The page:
Take $ABC$ an arbitrary triangle, it is easy to take the midpoints $P$, $Q$, $R$ of sides $AB$, $BC$, $CA$, and we all know that the medians $CP$, $AQ$, $BR$ intersect at a point called the centroid (or barycenter) of the triangle.

But, given three points $P$, $Q$, $R$, is it possible, using tools of Euclidean geometry, to reconstruct the triangle (or one of the triangles, if there are many) of which they are the midpoints of sides?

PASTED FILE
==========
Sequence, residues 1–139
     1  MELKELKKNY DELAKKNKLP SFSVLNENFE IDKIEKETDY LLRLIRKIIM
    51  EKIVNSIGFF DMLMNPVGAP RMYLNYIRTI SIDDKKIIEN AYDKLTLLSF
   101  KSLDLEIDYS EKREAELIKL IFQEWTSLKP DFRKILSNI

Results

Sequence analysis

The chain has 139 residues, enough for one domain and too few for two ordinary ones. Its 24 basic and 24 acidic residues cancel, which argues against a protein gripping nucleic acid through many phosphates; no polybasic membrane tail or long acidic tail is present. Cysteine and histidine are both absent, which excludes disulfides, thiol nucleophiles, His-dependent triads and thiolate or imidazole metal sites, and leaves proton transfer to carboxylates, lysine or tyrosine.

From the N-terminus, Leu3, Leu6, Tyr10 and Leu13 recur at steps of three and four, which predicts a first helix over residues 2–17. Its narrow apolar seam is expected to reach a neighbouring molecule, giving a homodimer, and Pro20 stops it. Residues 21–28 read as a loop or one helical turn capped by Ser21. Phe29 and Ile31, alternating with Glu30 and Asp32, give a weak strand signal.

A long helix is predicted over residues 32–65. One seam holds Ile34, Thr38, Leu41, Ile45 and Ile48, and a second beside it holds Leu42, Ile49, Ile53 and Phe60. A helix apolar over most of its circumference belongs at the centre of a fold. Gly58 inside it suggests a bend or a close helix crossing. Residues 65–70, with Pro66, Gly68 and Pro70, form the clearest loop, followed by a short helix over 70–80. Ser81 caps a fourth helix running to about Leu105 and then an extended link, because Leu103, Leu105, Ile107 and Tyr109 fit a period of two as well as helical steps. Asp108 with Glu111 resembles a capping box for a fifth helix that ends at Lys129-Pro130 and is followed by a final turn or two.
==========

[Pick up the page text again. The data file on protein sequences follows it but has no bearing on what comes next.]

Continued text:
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    $\begingroup$ Yes, and that triangle would be unique! $\endgroup$ – Emo Feb 20 '14 at 12:51

Construct parallelograms from the triangle PQR, taking each side (PQ, QR, RP) to be diagonal of the constructed parallelogram.

For PR diagonal, the fourth vertex of the constructed parallelogram will be A. Similarly for PQ it is B and QR it is C respectively.

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  • $\begingroup$ That's exactly what I needed, thank you so much! $\endgroup$ – yannis Feb 20 '14 at 18:31

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